Eric Shoykhet is the co-founder and CEO of Link Financial Technologies, a San Francisco pay-by-bank services startup that has raised $30 million.
The Federal Reserve’s launch of FedNow has garnered significant attention over the past several months. Touted as the U.S. version of a European-style network of real-time payments, the service was met with high expectations. In fact, many still hope that FedNow will be the missing key to catching up with other nations when it comes to payment innovation.
FedNow at its core provides an interbank clearing and settlement infrastructure that is currently geared towards instant payouts. A person or business being paid gets access to the money instantly rather than waiting for a deposit to settle or a check to clear.
To fully understand the impact of FedNow, consider how instant payments has transitioned from an obscure topic to an emerging priority. The U.S. has lagged behind other nations in payment innovation. In the EU, chip cards have been in use for over 20 years, yet the U.S. only adopted them in 2015. Checks have been phased out in most developed, countries but still represent 20% of payments volume in the U.S.
Furthermore, reliance on credit cards presents challenges for U.S. merchants, who feel the impact of the highest payment processing fees in the world. American consumers not only feel the ripple effect of these increased fees, which get passed down to them; they’re also grappling with high levels of debt, including from the widespread use of “buy now, pay later” products.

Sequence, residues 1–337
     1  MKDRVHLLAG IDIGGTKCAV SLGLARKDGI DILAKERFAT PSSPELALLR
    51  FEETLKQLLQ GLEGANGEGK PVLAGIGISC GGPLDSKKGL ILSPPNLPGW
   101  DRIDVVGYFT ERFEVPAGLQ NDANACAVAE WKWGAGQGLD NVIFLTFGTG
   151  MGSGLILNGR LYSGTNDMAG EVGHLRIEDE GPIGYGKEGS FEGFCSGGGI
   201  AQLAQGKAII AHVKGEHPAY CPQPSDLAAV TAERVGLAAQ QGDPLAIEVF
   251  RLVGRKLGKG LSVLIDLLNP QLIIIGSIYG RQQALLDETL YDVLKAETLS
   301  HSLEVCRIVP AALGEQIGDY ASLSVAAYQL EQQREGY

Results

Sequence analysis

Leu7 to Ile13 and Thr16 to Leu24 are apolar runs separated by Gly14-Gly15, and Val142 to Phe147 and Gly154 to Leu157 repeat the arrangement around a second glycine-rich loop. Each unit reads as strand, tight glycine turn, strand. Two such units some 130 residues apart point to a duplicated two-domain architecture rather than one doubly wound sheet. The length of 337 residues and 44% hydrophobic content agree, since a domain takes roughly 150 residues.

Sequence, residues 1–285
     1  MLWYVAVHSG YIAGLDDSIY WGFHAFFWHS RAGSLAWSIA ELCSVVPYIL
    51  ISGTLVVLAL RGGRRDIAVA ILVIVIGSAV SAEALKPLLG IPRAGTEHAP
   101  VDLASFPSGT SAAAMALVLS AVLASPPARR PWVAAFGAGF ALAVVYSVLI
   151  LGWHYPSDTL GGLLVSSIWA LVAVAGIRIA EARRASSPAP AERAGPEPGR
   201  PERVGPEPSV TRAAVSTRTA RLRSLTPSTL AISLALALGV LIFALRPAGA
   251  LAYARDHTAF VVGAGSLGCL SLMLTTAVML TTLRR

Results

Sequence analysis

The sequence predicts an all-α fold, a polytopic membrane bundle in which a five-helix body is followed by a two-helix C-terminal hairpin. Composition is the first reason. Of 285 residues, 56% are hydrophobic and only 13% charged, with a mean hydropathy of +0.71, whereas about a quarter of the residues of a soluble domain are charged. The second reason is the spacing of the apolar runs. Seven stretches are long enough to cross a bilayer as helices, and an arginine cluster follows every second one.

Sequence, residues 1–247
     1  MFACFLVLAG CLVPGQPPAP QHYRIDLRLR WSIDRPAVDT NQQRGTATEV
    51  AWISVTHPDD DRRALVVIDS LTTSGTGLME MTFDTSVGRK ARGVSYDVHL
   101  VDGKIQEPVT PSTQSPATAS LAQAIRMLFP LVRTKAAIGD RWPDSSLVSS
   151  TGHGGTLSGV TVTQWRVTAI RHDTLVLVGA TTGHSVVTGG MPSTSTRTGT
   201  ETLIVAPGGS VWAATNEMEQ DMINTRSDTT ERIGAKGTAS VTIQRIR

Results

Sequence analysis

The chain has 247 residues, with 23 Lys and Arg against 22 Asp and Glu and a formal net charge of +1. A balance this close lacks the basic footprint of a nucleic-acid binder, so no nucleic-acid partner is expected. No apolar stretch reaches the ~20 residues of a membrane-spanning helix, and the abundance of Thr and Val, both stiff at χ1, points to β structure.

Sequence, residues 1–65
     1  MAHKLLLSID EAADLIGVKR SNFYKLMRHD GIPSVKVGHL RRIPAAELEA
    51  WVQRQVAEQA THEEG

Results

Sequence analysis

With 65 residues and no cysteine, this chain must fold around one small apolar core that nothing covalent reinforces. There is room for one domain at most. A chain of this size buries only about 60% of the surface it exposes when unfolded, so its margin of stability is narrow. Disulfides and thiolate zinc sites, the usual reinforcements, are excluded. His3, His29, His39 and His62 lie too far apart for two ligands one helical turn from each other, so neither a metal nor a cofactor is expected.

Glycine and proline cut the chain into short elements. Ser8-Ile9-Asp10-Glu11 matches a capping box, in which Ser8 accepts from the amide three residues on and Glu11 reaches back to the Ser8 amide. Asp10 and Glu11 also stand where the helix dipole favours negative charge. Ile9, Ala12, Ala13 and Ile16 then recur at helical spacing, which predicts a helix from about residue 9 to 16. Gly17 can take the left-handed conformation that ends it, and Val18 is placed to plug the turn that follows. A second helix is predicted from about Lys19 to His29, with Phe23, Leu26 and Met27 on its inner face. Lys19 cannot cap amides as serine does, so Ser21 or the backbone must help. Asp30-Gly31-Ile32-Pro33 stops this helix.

What the U.S. needs is instant payment methods that allow merchants and consumers to accept and pay directly from their bank accounts — for a fraction of the current fees. However, as it is, FedNow will not get the U.S. there.
FedNow will facilitate instant payouts, which means that it could immediately benefit gig workers, gaming wins and marketplaces, all of which would no longer have to wait several days for payments to clear.
However, payments that require a “pull” function, such as autopay features that allow consumers to automatically pay bills on a specific date, will not be supported by FedNow.
Furthermore, these real-time payment solutions still depend on financial institutions participating, because it is only through banks that FedNow can be implemented.
Over the next year, it will be interesting to see the pace of FedNow’s adoption by financial institutions, but the first signs are not encouraging. The pace of adoption of FedNow has been called tepid by some in the industry. Only a small number of the 10,000+ financial institutions in the U.S. have signed up for Fednow.
And for FedNow fraud prevention, the industry will have to shift to a more proactive approach because payments cannot be recalled. The success in doing so will likely greatly impact FedNow’s widespread adoption.
FedNow will change the face of bank-to-bank payments in the U.S., but it is not currently the key to filling this growing gap the U.S. faces in payments innovation.